Meet the Chinuch Shluchim: Rabbi Eily Smith of the Mesivta at Lubavitch Educational Center (LEC) in Miami, Florida, on a powerful experience that transformed his teaching, instilling confidence, and teaching teenagers versus adults.

“Meet the Chinuch Shluchim” is jointly presented by the Menachem Education Foundation (MEF) and Community News Service. The series features Chabad teachers from different states, countries and demographics speaking about their life and Chinuch Shlichus.

After I got married, I moved to Miami for Kollel under Rabbi Sholom Ber Lipskar. I was in Kollel for two years and then helped lead a Smicha program and various adult education classes for the community.

My Unexpected First Job at a School:
When those programs came to an end, I wanted a full-time teaching position. In 2009, I cold-called LEC in Miami Beach and offered my services as a teacher. I left a voicemail saying I was interested in any available position. No one called me back. After a few weeks, the English principal called me, unconnected to my previous call. She told me that someone had mentioned that there was a rabbi looking for a job. She apologized that she didn’t have a position for me in Judaic studies but offered me a job teaching science and social studies to 7th-grade boys.

It was not exactly what I was looking for, but a job is a job. That first year I ended up teaching general studies but soon added some Kodesh classes as well, building up to a full-time job.

A Switch to Judaics:
LEC as a school and the Miami community as a whole have evolved over the years, and four years ago, there was a major switch from a dual curriculum program to one that was full-time Kodesh with a dormitory. I took on a position in the administration to help oversee curriculum and student discipline while also teaching classes.

Mesivta Bochrim Versus Adult Education:
The transition from teaching adult education to teenagers was an adjustment. I was used to teaching adult students who very much wanted to be there. They paid money, took time out of busy schedules, and even came in from out of the city to be able to listen. There is a sense of fulfillment in teaching students who are eager to learn.

When I started teaching at the middle school, I was not used to a crowd that didn’t necessarily want to be there. I also did not have much experience dealing with classroom management or behavioral disruptions. I was used to a world where you prepare a lot before the lesson and then give it over. In a 7th-grade classroom, you can prepare as much as you want, but the teaching that takes place in the classroom is based on relationships, not just material.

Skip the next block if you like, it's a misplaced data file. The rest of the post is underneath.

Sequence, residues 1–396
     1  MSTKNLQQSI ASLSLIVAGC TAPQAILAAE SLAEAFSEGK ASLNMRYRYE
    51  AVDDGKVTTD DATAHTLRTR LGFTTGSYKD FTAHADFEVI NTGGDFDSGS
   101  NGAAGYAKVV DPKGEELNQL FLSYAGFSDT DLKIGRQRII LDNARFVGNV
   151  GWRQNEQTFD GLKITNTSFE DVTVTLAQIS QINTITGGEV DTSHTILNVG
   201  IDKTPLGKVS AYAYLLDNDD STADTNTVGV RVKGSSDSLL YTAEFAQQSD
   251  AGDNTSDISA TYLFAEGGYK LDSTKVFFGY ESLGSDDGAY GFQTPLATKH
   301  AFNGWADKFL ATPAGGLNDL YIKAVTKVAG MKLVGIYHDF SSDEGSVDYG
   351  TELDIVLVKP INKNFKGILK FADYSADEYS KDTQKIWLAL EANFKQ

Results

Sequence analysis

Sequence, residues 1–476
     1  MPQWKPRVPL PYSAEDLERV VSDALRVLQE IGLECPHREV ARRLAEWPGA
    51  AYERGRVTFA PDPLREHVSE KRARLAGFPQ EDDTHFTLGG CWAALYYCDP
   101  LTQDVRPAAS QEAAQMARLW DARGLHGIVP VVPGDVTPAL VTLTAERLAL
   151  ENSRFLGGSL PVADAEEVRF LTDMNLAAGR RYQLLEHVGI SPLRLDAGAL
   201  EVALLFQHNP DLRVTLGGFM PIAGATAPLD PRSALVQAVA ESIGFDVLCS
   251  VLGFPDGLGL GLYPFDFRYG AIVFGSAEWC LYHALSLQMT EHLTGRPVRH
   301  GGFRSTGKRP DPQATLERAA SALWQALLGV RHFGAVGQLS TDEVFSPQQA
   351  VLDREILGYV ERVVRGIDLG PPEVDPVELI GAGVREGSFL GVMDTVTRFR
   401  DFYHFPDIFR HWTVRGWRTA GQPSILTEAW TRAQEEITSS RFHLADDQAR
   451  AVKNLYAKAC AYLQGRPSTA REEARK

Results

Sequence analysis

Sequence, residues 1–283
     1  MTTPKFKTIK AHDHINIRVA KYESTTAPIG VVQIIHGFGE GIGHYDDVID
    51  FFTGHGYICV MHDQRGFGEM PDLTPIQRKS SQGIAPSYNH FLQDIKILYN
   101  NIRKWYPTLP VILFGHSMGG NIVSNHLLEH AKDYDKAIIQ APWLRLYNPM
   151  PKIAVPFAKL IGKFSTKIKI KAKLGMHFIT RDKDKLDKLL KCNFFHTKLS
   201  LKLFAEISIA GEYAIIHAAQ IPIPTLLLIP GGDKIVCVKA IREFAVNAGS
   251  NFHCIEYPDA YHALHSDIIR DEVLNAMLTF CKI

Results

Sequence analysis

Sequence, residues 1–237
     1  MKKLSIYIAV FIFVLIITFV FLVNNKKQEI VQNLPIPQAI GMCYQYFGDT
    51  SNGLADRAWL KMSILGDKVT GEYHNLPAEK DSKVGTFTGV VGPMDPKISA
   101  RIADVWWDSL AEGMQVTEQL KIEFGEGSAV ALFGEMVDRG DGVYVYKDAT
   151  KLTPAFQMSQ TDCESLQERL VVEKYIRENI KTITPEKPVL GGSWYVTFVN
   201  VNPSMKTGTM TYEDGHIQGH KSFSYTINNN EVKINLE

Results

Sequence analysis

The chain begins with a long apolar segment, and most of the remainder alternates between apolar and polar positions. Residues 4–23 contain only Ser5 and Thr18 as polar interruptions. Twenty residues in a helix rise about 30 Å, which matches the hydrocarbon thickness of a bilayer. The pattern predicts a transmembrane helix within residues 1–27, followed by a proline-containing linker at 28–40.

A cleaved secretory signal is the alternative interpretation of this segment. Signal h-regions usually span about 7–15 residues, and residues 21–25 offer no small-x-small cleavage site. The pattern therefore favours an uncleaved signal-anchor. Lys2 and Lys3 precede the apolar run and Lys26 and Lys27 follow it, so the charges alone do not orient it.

I would compare it to a general dentist versus a pediatric dentist. They both went to dental school, but the pediatric dentist learns an entirely new science when it comes to practical patient care.

On Which One He Prefers:
I actually started teaching adult education classes again so I am doing both now. I enjoy the variety because it prevents burnout. I get a different satisfaction and fulfillment from each one.

When I Realized I Was Doing It All Wrong:

I first started teaching young boys I was very concerned about classroom management. I was a strict teacher and wanted to be in control of my class. When recess came, the students burst out of the room for freedom. Then one time I went to observe another teacher in a different school and saw the opposite experience. At recess, all the students surrounded him asking how to get involved in various programs he was running, and engaging in learning related topics in between playing basketball.

I instantly realized I was doing it all wrong.

The next day, I went in and introduced a new reward and incentive program to engage the students. I gave out class jobs, we developed a class currency based on Gemara concepts, and suddenly everyone was involved and was having fun in learning. I saw a tremendous change in my students. I don’t know if they ended up learning more material than they did with my previous teaching methods – test grades didn’t necessarily change – but they loved Torah a lot more.

In teaching Gemara, we need to ask ourselves, “Will our students pursue learning later in life?” That will only happen if learning was a positive experience for them.

Giving Students a Confidence Boost:
I teach Gemara to students who are learning at the basic level and my goal for this level is always to give them a feeling of mastery very quickly. I set up the learning in a simple way so that every day they feel confident that they know how to learn and understand the material. Whether it is a focus on familiarity with Gemara vocabulary or facilitating Chavrusa learning so they learn the technique of cooperative learning, I try to make the classroom foolproof. By removing the students’ anxiety of inadequacy in the classroom, we can set students up for success. On the other hand, the goal for the more advanced students is to show the complexity and depth of the subjects.

That Extra Feeling of Nachas:
Sometimes during Mesivta applications, we are advised not to take a certain student for whatever reason and we accept him anyways. Often that same boy will go on to become a star bochur. There’s a special feeling of nachas in having ignored that advice and giving each boy a chance to shine.

On Continuing to Learn as a Teacher:
I am always doing some sort of learning to advance my skills in teaching. I try to seek out areas where I feel I could use improvement or an area that is new to me. In the summer, I organize a Kollel for teachers from a variety of schools to advance their teaching methods, to share their techniques and prepare for their year.